An object lesson in the value and the limitations of intelligence, management disciplines, and analytical skill, Robert S. McNamara, died on Monday in Washington. The New York Times' obituary makes salutary reading, but if one is going to look at only one thing about McNamara, it should be Errol Morris' wonderful documentary The Fog of War.
I have never understood people describing McNamara as unrepentant and cold. To see him in Fog—apparently, if you were in the right meetings, to see him even in 1968—was to see a man haunted by the hubris, miscalculation, folly ... by the sheer wrongness of so much of what America did in Vietnam; of what he did, as Secretary of Defense, first for Kennedy and then for Johnson, in prosecuting the war; even for aspects of his service during WWII, including what he freely describes as war crimes (he was involved in the fire-bombing of Japanese cities).
Apart from the general cultural anger about Vietnam, and against its symbols—the NYT's most reliably angry columnist has predictably chosen to vent on this occasion—I suspect McNamara's reflections attracted such opprobium because they didn't conform to American norms of repentance. There was no religiosity. There was no talk of transformation or renewal. What there was, was a will to understand, and to draw lessons from past failings.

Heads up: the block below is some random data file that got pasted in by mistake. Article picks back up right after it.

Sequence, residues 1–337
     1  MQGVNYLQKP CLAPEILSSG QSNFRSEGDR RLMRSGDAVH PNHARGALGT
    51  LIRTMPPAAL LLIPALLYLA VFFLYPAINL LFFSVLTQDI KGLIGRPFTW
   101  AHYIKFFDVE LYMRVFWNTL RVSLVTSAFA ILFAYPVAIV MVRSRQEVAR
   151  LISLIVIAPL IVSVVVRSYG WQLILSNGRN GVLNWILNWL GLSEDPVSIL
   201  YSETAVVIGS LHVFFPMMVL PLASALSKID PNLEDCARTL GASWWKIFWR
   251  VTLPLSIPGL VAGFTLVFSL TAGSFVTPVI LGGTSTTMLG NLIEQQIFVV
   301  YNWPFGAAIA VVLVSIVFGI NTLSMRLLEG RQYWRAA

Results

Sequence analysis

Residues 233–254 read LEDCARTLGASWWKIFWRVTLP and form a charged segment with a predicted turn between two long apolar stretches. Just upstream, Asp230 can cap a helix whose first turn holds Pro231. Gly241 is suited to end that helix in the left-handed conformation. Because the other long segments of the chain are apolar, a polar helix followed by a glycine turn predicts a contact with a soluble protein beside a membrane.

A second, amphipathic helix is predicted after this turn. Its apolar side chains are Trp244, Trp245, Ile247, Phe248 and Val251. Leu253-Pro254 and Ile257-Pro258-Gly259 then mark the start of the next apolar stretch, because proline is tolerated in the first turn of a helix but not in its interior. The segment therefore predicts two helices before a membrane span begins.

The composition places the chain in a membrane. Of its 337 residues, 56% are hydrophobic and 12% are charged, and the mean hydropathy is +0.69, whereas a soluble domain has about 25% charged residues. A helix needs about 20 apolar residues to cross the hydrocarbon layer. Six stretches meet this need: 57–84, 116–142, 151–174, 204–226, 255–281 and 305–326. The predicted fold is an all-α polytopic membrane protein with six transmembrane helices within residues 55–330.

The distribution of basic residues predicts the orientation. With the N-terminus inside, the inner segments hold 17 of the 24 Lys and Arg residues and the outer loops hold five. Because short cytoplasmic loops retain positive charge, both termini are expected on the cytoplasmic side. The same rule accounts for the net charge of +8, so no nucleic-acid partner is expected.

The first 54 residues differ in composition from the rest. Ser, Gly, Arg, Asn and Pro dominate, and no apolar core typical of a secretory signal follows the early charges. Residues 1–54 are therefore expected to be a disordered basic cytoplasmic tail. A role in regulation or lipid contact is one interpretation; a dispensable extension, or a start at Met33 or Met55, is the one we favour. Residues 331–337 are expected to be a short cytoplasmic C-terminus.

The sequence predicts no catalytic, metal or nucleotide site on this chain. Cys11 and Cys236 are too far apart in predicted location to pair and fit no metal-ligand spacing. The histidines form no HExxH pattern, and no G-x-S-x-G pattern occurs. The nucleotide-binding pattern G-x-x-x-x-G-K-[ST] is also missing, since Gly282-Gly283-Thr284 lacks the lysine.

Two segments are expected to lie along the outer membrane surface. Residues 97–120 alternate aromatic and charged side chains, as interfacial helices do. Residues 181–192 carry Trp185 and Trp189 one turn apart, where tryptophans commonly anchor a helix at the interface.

Lord knows, those lessons were painful enough.
There's also an unpleasant piece of generational conflict at work here: a lack of sympathy with the way McNamara's loyalty to his masters stands in conflict with the all-telling, all-denouncing ethic of younger men. Pensioned off from the DoD for losing faith in the war and urging the President to rethink it, McNamara didn't become an anti-war activist. He got on with running the World Bank as best he knew. And when he did turn again to Vietnam, he did it as a civil servant: asking, what did we do wrong; what can we learn from it. There was a dispassion to the analysis, as there should be. It doesn't mean the countless dead didn't keep him awake at night.
At the risk of an obvious statement, McNamara didn't publicly atone for his sins because he couldn't. (Where would one even start?) An unvarnished “we were wrong” should be respected for what it is. Beyond that is between him and God.
UPDATE: Errol Morris has written a fine piece on McNamara in context